With cross-pollinating as a metaphor in mind, is there a feeling you have for the online literary community, or how it’s changing a sense of community and people experiencing moving around geographically?

J: Well now we’re getting into some heady stuff. I think it’s cool, with this new level of access and, sort of, breaking down the structure of it all. But then the argument might become, what happens to things coming up organically in the location? I don’t even know if that’s possible anymore with technology where it’s at—or it becomes incorporated in the experience regardless. For the better in many ways. I mean, are you talking about a physical space fostering a sort of thought?

Yeah, I mean, there are probably different questions I’m asking all at once. When you flatten it out, most people think a bookstore is a bookstore. I’m not arguing that it’s strictly philosophical—that it should only be thought of as a home for the New York Times bestseller list or a place where public consciousness is nuanced or a community organizing space. But that all those seem to be important signifiers that the space itself, where ideas and people are maneuvering around each other, is vital to coherence and accessibility? That’s not really a question—more a way to sound ridiculous.

J: (laughing) That’s one way.. No, I mean, there’s something important and political there. And that’s one of the reasons Greenlight happened in the first place. The owners knew each and wanted to start a bookstore, but they didn’t have a space. The people in this community wanted that. There was a need that complemented that desire. We try to have as close a relationship with our neighborhood as possible. That was such an important thing for me growing up in a relatively isolated place. Going to a bookstore or, for me, like a record store, and you could talk to people. Oh no, you gotta hear this ..you gotta read this. That’s such a crucial level of sharing.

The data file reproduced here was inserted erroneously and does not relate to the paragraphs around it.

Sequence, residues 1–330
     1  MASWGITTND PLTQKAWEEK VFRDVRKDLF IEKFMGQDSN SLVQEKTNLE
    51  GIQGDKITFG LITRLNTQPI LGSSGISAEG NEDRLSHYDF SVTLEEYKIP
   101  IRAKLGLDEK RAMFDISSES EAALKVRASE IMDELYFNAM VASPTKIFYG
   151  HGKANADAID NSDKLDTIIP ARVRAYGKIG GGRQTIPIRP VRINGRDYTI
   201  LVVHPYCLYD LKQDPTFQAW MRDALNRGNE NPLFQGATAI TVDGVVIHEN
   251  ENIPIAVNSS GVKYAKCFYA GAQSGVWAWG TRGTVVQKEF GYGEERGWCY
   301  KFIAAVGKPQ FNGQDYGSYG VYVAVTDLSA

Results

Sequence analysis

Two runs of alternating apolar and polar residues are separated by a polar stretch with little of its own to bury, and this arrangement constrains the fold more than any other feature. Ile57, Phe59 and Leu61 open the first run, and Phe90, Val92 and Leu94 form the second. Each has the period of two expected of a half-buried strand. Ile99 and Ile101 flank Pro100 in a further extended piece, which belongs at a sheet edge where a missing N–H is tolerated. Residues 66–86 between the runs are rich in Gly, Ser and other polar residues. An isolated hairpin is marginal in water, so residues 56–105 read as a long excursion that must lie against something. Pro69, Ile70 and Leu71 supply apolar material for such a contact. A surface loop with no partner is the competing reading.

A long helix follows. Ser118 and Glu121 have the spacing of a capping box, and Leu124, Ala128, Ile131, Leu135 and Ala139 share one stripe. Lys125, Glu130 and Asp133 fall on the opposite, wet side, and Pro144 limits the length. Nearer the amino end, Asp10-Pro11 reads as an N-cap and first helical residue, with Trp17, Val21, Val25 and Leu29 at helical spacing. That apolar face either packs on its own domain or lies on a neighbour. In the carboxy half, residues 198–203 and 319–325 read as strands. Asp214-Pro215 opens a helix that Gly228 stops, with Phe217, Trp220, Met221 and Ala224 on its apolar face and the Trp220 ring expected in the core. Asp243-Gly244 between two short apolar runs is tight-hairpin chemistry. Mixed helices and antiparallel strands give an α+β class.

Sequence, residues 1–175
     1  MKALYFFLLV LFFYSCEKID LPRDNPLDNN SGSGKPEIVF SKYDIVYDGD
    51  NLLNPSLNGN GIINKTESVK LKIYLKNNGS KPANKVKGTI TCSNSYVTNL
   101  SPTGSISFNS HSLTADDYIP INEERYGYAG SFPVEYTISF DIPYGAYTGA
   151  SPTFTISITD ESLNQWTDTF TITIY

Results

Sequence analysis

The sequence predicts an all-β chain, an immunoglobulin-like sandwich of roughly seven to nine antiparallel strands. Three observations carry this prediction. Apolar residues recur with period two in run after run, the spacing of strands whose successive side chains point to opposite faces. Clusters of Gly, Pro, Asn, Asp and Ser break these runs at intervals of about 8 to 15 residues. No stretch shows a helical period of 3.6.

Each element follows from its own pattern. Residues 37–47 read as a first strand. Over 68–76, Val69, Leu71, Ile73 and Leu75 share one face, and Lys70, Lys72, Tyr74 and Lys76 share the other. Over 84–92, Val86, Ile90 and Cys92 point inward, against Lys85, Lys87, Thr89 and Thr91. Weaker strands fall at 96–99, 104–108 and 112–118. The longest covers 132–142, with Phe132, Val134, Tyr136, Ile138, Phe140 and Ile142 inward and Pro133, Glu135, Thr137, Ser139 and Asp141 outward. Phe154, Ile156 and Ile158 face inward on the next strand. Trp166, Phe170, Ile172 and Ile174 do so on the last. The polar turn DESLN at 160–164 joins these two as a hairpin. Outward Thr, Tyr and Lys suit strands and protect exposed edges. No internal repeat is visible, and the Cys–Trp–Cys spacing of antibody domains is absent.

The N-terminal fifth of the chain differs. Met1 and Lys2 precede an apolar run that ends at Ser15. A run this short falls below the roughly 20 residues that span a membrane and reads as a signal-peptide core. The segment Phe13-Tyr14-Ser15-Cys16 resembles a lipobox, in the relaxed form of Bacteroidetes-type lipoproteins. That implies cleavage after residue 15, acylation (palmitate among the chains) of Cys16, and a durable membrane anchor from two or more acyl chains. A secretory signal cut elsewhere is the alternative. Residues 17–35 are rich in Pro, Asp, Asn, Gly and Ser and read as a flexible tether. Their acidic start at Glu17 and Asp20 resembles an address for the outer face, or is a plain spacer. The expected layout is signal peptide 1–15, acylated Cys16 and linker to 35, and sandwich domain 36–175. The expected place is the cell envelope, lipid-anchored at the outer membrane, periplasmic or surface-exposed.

Totally. I grew up under very similar conditions, and you never know how important that is until—after only knowing the big box mentality—that one little used bookstore or record shop pops up. I shed a single tear for the record store that closed in my hometown—my only refuge and really the place I engaged with most as a teenager. It was pivotal to share stories and ideas.

J: The exchange between people was really what I got most of when I was younger. And our generation really straddled that technological fence—a little right eye, left eye of accessibility.

We’re talking a lot about a sort of niche in the small business world. One that has its audience and caters to them—brings in a particular person and maybe doesn’t attract a wide swath of others. I wonder if you can say anything about Greenlight, as a general interest bookstore, and what the experience is like casting a wider net?

J: Greenlight, because it caters to the community that it’s in, tends to have the current, the new, the reviewed, what have you. Then on top of that, there are knowledgeable booksellers, with areas of interest, who fill in the selection with some x-factors. That’s nice too, since it changes every time someone new becomes part of the store. At its heart, it has been and will continue to be general interest. As a New York bookstore, it also reflects the incredible variety of experience that being a New Yorker comes with. You always have the opportunity to hook the curious reader. That’s what I love.